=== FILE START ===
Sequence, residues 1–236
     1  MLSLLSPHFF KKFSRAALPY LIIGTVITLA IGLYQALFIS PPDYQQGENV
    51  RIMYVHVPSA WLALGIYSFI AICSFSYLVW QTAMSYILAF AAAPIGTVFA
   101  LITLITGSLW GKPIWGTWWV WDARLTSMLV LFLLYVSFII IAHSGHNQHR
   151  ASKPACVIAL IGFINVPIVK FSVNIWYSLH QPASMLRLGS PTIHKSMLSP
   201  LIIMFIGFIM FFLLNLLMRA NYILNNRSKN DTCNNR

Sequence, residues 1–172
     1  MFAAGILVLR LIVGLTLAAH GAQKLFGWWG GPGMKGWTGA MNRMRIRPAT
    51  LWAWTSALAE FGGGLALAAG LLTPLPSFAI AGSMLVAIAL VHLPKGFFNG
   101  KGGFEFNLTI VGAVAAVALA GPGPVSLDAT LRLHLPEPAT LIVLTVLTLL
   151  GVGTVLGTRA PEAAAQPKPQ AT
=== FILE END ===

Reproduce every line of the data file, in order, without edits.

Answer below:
Sequence, residues 1–236
     1  MLSLLSPHFF KKFSRAALPY LIIGTVITLA IGLYQALFIS PPDYQQGENV
    51  RIMYVHVPSA WLALGIYSFI AICSFSYLVW QTAMSYILAF AAAPIGTVFA
   101  LITLITGSLW GKPIWGTWWV WDARLTSMLV LFLLYVSFII IAHSGHNQHR
   151  ASKPACVIAL IGFINVPIVK FSVNIWYSLH QPASMLRLGS PTIHKSMLSP
   201  LIIMFIGFIM FFLLNLLMRA NYILNNRSKN DTCNNR

Sequence, residues 1–172
     1  MFAAGILVLR LIVGLTLAAH GAQKLFGWWG GPGMKGWTGA MNRMRIRPAT
    51  LWAWTSALAE FGGGLALAAG LLTPLPSFAI AGSMLVAIAL VHLPKGFFNG
   101  KGGFEFNLTI VGAVAAVALA GPGPVSLDAT LRLHLPEPAT LIVLTVLTLL
   151  GVGTVLGTRA PEAAAQPKPQ AT